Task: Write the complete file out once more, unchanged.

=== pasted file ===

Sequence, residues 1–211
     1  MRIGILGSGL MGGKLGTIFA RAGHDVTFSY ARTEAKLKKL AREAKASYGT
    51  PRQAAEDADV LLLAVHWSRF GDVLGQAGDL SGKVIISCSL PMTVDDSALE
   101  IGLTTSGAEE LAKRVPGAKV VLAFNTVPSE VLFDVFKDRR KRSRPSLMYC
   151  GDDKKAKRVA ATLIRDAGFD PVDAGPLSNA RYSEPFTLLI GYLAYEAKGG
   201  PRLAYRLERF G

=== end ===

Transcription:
Sequence, residues 1–211
     1  MRIGILGSGL MGGKLGTIFA RAGHDVTFSY ARTEAKLKKL AREAKASYGT
    51  PRQAAEDADV LLLAVHWSRF GDVLGQAGDL SGKVIISCSL PMTVDDSALE
   101  IGLTTSGAEE LAKRVPGAKV VLAFNTVPSE VLFDVFKDRR KRSRPSLMYC
   151  GDDKKAKRVA ATLIRDAGFD PVDAGPLSNA RYSEPFTLLI GYLAYEAKGG
   201  PRLAYRLERF G